By Gautam Bhattacharya*
Are the Arts really important for our survival? Perhaps not for our physical survival but definitely for our mental and psychological wellbeing. Try answering this question – “How is everybody coping with this excruciatingly frustrating lockdown period? Could anyone have survived through this without reading books, listening to music, watching films and reruns of old serials, live streaming of high-value music concerts, virtually visiting the interiors of classic international theatres and viewing the landmark performances that were played out in them?”
We have to first recognise and accept that performing arts is an integral part of India’s socio-cultural fabric; it’s a throbbing, living tradition. A lot of them have been recognised as the Intangible Cultural Heritage of the World. Besides the sheer aesthetic value, our rich and diverse performing arts are an essential feeder line to a plethora of other fields. For example, no conference is complete without the mandatory concert performance of music or dance. India’s tourism industry is heavily dependent on showcasing our arts. Iconic campaigns like – “Incredible India” and “God’s Own Country” would not have been possible without highlighting our arts.
We have been milking our culture cow for decades, I think now it is payback time. Their udders are running dry and soon their skeletons would be visible; if this pandemic doesn’t get to them, starvation surely will. We cannot afford to let that happen, we will never be able to forgive ourselves if our artistes just wither away like that. Let the arts not become mere museum pieces and consigned as a footnote in the pages of Indian history.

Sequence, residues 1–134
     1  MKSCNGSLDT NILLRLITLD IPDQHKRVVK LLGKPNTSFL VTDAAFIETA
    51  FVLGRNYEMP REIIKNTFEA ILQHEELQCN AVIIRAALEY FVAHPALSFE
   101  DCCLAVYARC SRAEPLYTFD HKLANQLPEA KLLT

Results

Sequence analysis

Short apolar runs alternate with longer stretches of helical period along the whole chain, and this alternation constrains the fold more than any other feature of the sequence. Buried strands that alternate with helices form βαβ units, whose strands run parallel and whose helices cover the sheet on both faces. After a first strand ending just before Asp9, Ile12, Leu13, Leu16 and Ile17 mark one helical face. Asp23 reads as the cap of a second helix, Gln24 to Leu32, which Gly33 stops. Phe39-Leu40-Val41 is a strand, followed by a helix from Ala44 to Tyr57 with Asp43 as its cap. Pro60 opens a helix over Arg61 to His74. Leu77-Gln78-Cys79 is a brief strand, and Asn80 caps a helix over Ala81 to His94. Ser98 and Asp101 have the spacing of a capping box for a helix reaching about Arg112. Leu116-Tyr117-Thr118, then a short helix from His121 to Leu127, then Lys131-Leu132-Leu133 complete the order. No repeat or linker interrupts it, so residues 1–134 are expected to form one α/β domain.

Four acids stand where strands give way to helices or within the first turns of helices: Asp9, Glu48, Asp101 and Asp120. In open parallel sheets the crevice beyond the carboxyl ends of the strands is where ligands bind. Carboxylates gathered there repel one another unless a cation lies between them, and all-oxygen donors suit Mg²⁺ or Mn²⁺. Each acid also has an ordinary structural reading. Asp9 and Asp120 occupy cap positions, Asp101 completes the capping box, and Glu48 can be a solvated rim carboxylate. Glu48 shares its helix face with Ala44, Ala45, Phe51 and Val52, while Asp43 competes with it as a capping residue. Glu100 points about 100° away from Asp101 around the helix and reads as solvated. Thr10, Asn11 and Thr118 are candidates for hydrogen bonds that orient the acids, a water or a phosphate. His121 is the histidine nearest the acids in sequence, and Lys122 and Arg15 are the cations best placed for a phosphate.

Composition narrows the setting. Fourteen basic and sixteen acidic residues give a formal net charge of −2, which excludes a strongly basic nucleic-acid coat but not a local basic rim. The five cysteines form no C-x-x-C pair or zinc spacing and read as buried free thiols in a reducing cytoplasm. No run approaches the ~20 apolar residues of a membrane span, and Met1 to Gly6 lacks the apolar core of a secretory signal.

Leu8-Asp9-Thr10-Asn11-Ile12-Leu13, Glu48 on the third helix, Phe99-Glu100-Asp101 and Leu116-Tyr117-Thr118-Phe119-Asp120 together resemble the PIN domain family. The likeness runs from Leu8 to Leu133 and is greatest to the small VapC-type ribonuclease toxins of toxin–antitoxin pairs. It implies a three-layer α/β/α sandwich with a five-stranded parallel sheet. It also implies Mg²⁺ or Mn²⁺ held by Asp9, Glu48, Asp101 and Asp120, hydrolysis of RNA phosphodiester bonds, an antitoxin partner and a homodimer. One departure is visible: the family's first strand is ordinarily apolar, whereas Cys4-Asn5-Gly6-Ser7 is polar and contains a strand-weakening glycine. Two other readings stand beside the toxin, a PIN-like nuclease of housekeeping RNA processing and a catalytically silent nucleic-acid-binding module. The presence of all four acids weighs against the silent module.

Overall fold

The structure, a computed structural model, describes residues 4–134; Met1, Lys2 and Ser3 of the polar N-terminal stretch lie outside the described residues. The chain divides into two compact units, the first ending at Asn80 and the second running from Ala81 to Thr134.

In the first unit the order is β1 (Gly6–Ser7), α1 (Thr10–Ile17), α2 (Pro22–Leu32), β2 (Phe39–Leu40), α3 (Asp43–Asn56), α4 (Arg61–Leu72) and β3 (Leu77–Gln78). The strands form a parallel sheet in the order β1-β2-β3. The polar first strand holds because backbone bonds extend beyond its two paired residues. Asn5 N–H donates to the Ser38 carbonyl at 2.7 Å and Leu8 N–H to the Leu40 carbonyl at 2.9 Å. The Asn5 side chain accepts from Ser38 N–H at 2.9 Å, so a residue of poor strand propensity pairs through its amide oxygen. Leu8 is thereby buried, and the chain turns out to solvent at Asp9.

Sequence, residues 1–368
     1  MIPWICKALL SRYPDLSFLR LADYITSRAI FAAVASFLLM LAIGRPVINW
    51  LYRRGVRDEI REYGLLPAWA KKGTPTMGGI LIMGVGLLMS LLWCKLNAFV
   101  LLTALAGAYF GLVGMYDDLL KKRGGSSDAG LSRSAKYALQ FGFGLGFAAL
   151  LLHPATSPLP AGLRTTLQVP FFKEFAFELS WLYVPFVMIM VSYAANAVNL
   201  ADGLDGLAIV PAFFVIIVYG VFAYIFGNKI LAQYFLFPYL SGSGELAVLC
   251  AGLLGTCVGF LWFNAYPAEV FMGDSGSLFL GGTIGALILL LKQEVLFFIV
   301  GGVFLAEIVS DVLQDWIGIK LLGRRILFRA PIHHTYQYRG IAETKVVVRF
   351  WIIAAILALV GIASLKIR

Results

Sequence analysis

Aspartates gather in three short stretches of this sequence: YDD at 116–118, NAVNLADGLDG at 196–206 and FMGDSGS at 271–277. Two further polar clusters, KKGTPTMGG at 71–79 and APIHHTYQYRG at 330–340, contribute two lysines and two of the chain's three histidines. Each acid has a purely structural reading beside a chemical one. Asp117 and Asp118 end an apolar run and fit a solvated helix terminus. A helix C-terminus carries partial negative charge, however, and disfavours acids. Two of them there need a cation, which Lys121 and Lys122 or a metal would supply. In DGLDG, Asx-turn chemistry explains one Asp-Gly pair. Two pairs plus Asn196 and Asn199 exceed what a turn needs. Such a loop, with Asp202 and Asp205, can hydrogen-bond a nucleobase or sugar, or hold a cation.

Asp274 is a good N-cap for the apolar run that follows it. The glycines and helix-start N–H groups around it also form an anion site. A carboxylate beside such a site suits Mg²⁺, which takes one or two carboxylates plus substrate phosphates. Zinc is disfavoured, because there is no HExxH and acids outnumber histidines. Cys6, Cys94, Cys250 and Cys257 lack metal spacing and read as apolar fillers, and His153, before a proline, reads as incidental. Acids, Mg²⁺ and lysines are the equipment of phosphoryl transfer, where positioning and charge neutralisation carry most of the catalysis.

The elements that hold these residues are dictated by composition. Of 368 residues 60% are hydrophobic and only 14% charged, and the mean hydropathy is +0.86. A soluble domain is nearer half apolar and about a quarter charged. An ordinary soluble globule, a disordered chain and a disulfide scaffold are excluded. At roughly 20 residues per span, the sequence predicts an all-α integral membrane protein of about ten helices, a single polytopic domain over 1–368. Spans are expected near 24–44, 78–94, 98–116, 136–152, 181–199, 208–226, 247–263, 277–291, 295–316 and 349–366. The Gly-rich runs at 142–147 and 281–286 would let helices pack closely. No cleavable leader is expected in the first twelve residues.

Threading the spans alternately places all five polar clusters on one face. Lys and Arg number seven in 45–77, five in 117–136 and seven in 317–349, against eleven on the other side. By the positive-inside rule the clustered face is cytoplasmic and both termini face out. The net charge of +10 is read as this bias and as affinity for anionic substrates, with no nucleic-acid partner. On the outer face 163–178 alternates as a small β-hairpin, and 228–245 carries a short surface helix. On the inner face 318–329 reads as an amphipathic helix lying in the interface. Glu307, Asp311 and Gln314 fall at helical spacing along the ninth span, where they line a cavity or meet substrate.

If the arts and its practitioners don’t survive, India would have lost perhaps its most valuable asset. Institutions like the Indian Council for Cultural Relations (ICCR), the three Akademis (Lalit Kala, Sangeet Natak and Sahitya), Zonal Centres, and the Ministry of Culture, have always been the support structure of the arts and artiste. Now is the time for them to really come forward and bail them out.
We have to reach out across the country to help these performing artistes, backstage technicians, designers, cultural entities and their employees to endure the economic hardships caused by the forced closure of their operations due to the spread of COVID-19. A lot of temporary contractual artistes and teachers have been laid off due to this crisis. Whether we can create a new substantial fund, utilise existing ones or divert funds from other non-essential activities, is up to the government to decide. Planned national and international festivals cannot happen now, those funds can be utilised. Folk and tribal artistes are perhaps the worst hit; a lot of them have a hand-to-mouth existence. We have to urgently devise a plan to expedite the distribution of critical funds at the national, regional, state, and local levels to help retain as many jobs as possible, as quickly as possible.
The governments in the Western countries have accepted and acknowledged that artistes have been rendered jobless and there is a huge risk to their physical and mental well-being because of their loss of livelihood. The culture ministries and arts councils in the US, Canada, the UK, Germany, France, Australia, and a host of other countries have been very prompt and proactive in getting their acts together. They have already announced millions of dollars in financial assistance to the artiste and the arts sector in general. They are running their performances online and giving royalty to those involved in them. They are networking very methodically online; they are reaching out to the artistes and enquiring about their problems. They have roped in advisors and professional counselors to guide the artistes and help them to cope with this unique and unprecedented situation.